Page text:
07:27 GMT15 June 2021
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    Last year, the US' National Transportation Safety Board (NTSB) determined the 2018 fatal crash of a Tesla Model X was related to both Tesla's 'Autopilot' system and the driver's inattention. As the electric vehicle company continues to grow, scrutiny about its driver-assistance system has followed.

    The Snohomish County Sheriff’s Office announced on Monday that a Tesla vehicle operating in 'Autopilot' mode caused "significant damage" after it struck a deputy's vehicle on the shoulder of a road in Arlington, Washington. 

    Authorities detailed that the Saturday incident occurred as a deputy was responding to a separate incident in which a vehicle sliced a utility pole in half. 

    "The deputy parked on the shoulder on the road, with his emergency lights flashing, and exited his vehicle to speak with the Fire units on scene," the sheriff's office said via Facebook. "Approximately 30 seconds later, a Tesla in “autopilot” mode, struck the deputy's vehicle causing significant damage." 

    Two photos were published by the sheriff's office, showing the state of the Ford Explorer patrol car after the tire on the driver's side was presumably removed. 

    On Saturday, a deputy responded to a collision in the 25200 block of 103rd Ave NE where a vehicle sheared a power pole in half. The deputy parked on the shoulder on the road, with his emergency lights flashing, and exited his vehicle to speak with the Fire units on scene. Approximately 30 seconds later, a Tesla in “autopilot” mode, struck the deputy's vehicle causing significant damage. Thankfully, there were no injuries from this collision. This is a great reminder that vehicles may have autopilot to assist, but it cannot be relied upon to get you safely from one destination to the next.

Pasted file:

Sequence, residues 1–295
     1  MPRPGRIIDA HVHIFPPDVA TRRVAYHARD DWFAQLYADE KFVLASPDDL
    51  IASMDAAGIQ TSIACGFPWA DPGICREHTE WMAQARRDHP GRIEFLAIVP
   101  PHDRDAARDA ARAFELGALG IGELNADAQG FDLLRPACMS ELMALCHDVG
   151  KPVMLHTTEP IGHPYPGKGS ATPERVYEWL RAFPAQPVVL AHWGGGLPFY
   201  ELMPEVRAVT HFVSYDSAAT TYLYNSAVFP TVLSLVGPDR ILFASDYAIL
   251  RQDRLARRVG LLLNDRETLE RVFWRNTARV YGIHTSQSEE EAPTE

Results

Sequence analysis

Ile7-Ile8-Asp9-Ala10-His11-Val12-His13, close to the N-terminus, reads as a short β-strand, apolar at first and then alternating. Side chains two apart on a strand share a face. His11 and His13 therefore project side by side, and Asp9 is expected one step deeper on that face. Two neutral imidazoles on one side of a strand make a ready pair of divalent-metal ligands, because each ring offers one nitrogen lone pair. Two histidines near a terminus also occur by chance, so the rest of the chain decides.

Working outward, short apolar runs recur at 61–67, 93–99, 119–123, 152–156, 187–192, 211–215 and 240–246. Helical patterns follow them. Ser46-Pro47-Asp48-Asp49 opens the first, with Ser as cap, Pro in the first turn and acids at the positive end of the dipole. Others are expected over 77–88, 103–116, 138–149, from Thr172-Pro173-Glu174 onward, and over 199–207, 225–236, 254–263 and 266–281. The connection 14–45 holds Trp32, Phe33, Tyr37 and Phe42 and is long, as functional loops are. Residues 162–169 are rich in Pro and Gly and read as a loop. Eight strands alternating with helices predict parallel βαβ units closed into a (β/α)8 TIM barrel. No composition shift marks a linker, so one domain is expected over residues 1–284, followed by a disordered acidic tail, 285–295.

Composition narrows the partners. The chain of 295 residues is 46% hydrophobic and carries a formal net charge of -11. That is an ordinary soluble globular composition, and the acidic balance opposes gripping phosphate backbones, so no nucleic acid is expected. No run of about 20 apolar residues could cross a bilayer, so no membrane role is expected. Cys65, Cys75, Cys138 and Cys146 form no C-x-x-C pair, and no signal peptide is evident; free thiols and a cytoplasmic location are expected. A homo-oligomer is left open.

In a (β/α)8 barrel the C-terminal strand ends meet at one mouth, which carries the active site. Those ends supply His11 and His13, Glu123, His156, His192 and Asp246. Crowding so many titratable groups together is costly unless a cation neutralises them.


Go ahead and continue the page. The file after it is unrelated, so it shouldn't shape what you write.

Snohomish County Sheriff's Office
    "On Saturday, a deputy responded to a collision in the 25200 block of 103rd Ave NE where a vehicle sheared a power pole in half. The deputy parked on the shoulder on the road, with his emergency lights flashing, and exited his vehicle to speak with the Fire units on scene. Approximately 30 seconds later, a Tesla in “autopilot” mode, struck the deputy's vehicle causing significant damage. Thankfully, there were no injuries from this collision. This is a great reminder that vehicles may have autopilot to assist, but it cannot be relied upon to get you safely from one destination to the next."

    No injuries were reported. 

    Washington State Patrol announced in a Monday news release that the driver was ticketed for the collision. The state law enforcement agency also highlighted that it was conducting an investigation on the matter. 

    Aside from this incident, the National Highway Traffic Safety Administration (NHTSA) is investigating over two dozen accidents with Tesla vehicles involved. According to the Associated Press, at least three people have died from accidents tied to Tesla's Autopilot feature. 

    The NTSB is generally tasked with investigating the causes of accidents, while the NHTSA's primary objective relates to safety regulations for cars and light trucks. 

    "Because NHTSA has put in place no requirements, manufacturers can operate and test vehicles virtually anywhere, even if the location exceeds the AV [autonomous vehicle] control system’s limitations," NTSB Chairman Robert Sumwalt wrote in a February issuance to the US Department of Transportation. 

    "Although Tesla includes a disclaimer that 'currently enabled features require active driver supervision and do not make the vehicle autonomous,' NHTSA's hands-off approach to oversight of AV testing poses a potential risk to motorists and other road users."

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    Tags:
    cars, US National Transportation Safety Board (NTSB), Tesla, Elon Musk, AutoPilot
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